Nicholas (nwhyte) wrote,

Dreams of a Life (2011)

I had been intrigued by this film since I first read Carol Morley's 2011 Guardian article about making it. In 2006, housing officials making a repossession order broke into a London flat to make a grim discovery: the skeleton of its tenant, propped on the sofa, surrounded by Christmas presents with the television still on. Joyce Vincent had died in 2003, and nobody had noticed. Morley set out to tell her story, advertising in hopes of finding friends and relatives who might help her to understand what had happened. This film is the result.

The story is a simple enough one. Joyce had had a normal enough background, parents from Grenada, born in 1965 in London always lived there, had an unremarkable professional admin career but dabbled in the music business (one boyfriend, Alistair Abrahams, is a moderately successful music promoter who introduced her to Gil Scott-Heron and, I'm not making this up, Nelson Mandela; she once had dinner with Stevie Wonder). And in 2001 it all came to a halt; she dropped out of her City job, spent some time (how much? not clear) at a refuge for domestic abuse victims, checked into hospital a few weeks before her death giving her bank manager as her next of kin (her bank manager), and then was not seen alive again.

The film cuts between interviews with people who knew Joyce, and were shocked to realise that she had dropped out of their lives so rapidly, and scenes from her life re-enacted by Zawe Ashton (as an adult) and Alix Luka-Cain (as a child). Both are very good in their roles. (Zawe Ashton also played Journey Blue in the 2014 Doctor Who episode Into the Dalek. This seems to be Alix Luka-Cain's only screen role known to IMDB.)

The star of the film is Martin Lister, Joyce's ex-boyfriend who stayed friends with her long after their relationship ended, and who obviously struggles with the fact that when she dropped out of his life completely in 2003, it wasn't because she had decided to move on but because she was dead. Lynne Featherstone, who was the local MP, provides a sort of official narrative to the extent that that is possible. Joyce's family declined to participate. (One has to wonder: who were the wrapped but unsent Christmas presents for? And what about the bank manager?)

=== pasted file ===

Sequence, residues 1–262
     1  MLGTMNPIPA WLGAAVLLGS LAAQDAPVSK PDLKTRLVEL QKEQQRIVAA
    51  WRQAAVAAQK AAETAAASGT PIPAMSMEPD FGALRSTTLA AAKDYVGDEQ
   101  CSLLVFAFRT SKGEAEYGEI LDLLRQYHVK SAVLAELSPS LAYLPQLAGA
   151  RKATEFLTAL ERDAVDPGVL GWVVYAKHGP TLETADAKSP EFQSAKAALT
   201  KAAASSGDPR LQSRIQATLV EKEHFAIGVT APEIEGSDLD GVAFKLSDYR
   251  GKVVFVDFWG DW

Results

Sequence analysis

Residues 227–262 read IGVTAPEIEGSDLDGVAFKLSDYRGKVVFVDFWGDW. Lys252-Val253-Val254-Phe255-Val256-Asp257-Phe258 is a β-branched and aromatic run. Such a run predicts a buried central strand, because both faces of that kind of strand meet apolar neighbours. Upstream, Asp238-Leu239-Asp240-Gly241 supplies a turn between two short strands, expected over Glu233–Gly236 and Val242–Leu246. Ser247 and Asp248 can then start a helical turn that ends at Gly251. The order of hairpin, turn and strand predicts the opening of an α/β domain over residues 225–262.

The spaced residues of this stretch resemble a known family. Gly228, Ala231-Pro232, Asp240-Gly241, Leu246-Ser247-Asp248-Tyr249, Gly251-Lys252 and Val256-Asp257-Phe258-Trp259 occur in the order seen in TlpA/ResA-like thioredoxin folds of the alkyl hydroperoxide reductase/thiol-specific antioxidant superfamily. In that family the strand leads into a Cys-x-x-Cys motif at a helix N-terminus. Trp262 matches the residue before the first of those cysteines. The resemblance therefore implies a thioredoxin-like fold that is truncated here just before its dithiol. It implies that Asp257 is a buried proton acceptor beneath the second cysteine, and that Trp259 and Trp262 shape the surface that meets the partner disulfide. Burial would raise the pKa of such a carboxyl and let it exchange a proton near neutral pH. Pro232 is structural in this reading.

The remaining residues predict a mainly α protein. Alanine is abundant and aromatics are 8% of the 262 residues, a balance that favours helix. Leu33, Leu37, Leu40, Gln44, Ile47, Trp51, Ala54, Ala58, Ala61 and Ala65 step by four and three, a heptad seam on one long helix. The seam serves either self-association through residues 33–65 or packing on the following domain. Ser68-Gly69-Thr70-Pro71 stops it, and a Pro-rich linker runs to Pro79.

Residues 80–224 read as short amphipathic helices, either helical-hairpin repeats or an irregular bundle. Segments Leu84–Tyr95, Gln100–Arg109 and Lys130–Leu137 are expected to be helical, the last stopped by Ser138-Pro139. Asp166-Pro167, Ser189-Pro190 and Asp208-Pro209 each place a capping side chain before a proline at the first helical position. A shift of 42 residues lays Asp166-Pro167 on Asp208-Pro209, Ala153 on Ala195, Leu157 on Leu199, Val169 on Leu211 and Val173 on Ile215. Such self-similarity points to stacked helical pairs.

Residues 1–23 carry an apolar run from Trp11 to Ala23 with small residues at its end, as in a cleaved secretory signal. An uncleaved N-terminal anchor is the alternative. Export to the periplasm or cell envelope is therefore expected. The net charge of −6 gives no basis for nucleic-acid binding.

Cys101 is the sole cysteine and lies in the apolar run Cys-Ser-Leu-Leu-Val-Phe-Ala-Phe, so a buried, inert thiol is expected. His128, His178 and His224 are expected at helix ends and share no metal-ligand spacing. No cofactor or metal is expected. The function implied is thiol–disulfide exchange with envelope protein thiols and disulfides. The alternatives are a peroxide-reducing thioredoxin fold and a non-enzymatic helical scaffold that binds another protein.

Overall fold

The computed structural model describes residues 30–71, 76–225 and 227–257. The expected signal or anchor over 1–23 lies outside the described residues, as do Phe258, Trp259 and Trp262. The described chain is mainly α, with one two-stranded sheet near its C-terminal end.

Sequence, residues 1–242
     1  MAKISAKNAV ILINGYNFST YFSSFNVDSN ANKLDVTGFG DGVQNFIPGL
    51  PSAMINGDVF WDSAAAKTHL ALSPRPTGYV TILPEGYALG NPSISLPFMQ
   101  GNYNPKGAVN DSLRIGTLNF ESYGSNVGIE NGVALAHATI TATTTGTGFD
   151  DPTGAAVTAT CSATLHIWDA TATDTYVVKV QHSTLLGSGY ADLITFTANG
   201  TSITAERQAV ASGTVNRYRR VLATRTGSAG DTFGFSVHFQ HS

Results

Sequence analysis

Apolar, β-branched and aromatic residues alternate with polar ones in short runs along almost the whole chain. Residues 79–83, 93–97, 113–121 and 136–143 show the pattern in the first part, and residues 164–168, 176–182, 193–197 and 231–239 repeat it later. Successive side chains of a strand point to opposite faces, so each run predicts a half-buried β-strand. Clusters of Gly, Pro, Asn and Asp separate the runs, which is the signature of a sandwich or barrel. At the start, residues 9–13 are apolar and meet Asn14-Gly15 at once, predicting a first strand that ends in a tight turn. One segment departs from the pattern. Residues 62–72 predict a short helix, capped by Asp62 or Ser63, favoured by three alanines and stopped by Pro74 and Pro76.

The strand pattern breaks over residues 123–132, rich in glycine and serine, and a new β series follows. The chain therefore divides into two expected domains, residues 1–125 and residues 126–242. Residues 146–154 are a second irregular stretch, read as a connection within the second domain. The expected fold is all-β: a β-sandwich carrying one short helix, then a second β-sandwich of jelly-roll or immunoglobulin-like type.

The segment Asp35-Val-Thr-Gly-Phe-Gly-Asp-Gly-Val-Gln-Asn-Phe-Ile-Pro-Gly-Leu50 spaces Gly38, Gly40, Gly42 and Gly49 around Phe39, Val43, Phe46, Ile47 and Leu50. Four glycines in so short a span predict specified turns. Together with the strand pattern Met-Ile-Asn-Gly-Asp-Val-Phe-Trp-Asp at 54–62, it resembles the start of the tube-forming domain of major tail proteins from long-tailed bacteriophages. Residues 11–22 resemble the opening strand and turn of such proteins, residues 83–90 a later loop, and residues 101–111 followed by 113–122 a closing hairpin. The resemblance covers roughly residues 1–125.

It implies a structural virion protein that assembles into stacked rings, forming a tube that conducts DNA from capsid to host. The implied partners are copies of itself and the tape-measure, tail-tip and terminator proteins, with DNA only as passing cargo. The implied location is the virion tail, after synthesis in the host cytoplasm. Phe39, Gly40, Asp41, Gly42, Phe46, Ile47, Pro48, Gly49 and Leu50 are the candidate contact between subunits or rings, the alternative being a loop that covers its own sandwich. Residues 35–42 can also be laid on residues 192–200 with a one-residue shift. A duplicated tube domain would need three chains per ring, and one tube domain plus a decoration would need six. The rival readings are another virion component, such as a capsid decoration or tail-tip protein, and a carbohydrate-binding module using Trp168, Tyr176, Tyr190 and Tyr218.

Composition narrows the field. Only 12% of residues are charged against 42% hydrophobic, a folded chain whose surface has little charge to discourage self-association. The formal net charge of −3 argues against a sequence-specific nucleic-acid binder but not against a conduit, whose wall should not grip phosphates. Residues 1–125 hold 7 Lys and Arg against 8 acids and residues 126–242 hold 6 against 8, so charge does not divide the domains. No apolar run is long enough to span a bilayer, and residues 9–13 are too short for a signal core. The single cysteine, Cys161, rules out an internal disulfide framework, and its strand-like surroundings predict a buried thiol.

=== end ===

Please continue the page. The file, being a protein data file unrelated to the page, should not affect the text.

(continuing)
There are flaws in the piece. We linger perhaps a bit too much with Zawe Ashton as Joyce singing. The reconstruction of her family life is of course speculative. We linger a bit too eagerly on the repossession of the flat and Joyce's last moments intercut with the forensic examination of her belongings (all of course also reconstructed). There's a bit too much of the "she was there for three years!" when in fact it seems to have been just over two, fom December 2003 to January 2006. But the central theme is immensely powerful: loneliness and death, two things which we all fear. Joyce seems to have chosen to live alone; there are conflicting versions of why she left her last professional job; there's a general agreement that in her final years she moved around so much that even those who thought they were her closest friends lost touch, though they welcomed her when she did make contact.

The final shot of the film is tremendously moving - after 90 minutes of Ashton and Luka-Cain playing Joyce, Carol Morley found her in four seconds of footage from the Nelson Mandela concert in 1990, when she would have been 25 or so. We catch her in the crowd and then we have a brief glimpse of her face; all that's left of a vibrant person who touched a lot of people's lives and then fell out of them. Do watch it. Though you will cry.
Tags: films, london

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